• Serrated knives are hard–if not impossible–to sharpen. I never sharpen my bread knife, which is double serrated, meaning it has serrated edges within serrated edges.

Utility Knife

The Wüsthof Classic 6-inch Utility Knife, at $120, is a versatile tool that can be used for tasks that don’t require the heft of a chef’s knife. It also comes in a 4.5-inch version.


  • Great when you don’t want to hold a larger-sized knife for easier maneuverability, such as slicing a chicken breast into cutlets. Because it has a sharp pointed tip, this knife is particularly useful for larding meats.

Be Aware:

  • Despite its name as an all-purpose tool, I find that I use my utility knife the least. My chef’s knife, Santoku, and paring knife accommodate the majority of my needs.

Steak Knife

The Classic line offers a wide variety of steak knife options in different materials. A single 4.5-inch steak knife is $100, or a variety of sets are available, ranging from $96 to $280 for four knives.


  • Cut through cooked beef, chicken, and other meats quickly and easily without shredding the fibers.

Be Aware:

  • Steak knives are designed specifically for meat, so they have a limited purpose.

Special-Purpose Classic Knives

Wüsthof offers several specialty knives in its Classic series, including a tomato knife, a Chinese chef’s knife, a super slicer, a boning knife, a cleaver, a carving knife, a filet knife, a Craftsman knife, and a Nakiri knife.


  • These knives are built-for-purpose and offer exceptional features for their intended tasks.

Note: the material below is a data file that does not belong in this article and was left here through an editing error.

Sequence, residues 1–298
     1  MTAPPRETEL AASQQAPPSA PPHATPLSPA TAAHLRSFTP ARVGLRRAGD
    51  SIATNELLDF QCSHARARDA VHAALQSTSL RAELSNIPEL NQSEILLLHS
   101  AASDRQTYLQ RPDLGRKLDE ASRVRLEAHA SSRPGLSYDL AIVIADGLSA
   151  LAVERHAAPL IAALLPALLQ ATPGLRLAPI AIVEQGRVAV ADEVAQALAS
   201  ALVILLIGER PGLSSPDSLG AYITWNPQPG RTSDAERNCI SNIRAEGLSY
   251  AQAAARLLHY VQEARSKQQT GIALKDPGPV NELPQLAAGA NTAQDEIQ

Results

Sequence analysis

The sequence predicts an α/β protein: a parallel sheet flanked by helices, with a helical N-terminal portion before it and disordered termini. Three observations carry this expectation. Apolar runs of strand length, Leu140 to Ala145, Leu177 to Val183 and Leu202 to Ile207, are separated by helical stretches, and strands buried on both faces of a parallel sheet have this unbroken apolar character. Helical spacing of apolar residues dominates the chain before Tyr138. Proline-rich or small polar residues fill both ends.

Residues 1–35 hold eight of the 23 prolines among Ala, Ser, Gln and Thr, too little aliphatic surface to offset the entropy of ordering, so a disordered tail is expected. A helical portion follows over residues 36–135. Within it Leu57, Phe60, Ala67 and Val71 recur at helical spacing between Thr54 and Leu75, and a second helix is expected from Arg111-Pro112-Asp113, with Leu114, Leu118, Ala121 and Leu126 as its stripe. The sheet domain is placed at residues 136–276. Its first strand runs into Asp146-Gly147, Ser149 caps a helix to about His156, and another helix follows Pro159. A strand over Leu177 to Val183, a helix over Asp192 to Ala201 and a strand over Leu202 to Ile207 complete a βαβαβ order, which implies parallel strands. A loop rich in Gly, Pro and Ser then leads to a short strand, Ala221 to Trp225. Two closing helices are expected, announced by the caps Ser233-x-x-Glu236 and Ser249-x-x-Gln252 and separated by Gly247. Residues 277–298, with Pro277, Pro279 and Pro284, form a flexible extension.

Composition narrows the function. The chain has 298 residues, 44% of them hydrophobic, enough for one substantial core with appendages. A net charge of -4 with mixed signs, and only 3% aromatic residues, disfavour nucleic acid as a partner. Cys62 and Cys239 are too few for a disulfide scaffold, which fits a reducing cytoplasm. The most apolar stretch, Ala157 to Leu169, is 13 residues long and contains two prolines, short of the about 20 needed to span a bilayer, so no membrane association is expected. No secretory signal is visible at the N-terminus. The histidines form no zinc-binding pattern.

Be Aware:

  • Buying a special-purpose knife depends on what cooking and food preparation you do most frequently. Any knife will offer benefits; the trick is to have a set of knives that offer the most benefits and use on a regular basis to make the investment worth it.

Features to Look for When Buying A Wüsthof Classic Knife

Knife Design

Some people find a thick bolster clunky for their preferred grip and pinch, making the knife feel heavy. The full bolster can also make sharpening a little bit trickier, too. If you prefer a different style, you can look for knives without a bolster or with a half bolster. You might also want a different style of handle. Your personal preferences will dictate your desired blade shape and size.

Since Wüsthof handles are designed with a full-tang blade - meaning you see the metal all the way through the handle - some cooks find that the spine, where they rest their hand, isn’t as smooth as they might like.

How Easy Is It to Sharpen and Hone the Knife?

As noted above, a forged knife requires sharpening and honing. Not sharpening and honing your Classic knife correctly can damage it or affect its durability, so you have to be prepared to stay on top of those tasks. Dull blades are dangerous and inefficient, regardless of the knife style. They lead to more injuries from slippage, and they require more pressure to use.

Wüsthof has designed their knives to be sharp, hard, and efficient, even with everyday use. To gain comfort with honing your knife, follow the company’s instructions on their website. For people who don’t want to use a Whetstone, Classic knives can be sharpened with a handheld or electric knife sharpener, which are designed to make the job easier. With regular honing, Wüsthof says their knives only need to be sharpened once or twice a year.

If you’re not comfortable with even that minimum amount of sharpening, you might decide to get a different knife that’s less expensive and made from a different material, which you can replace over time and don’t have to sharpen, such as a ceramic knife, which is incredibly sharp but they tend to break. Given their low price point, it may be preferable to get that and simply replace it when needed. Or, you might prefer to try a knife set from Zwilling, for example, that comes with a self-sharpening block.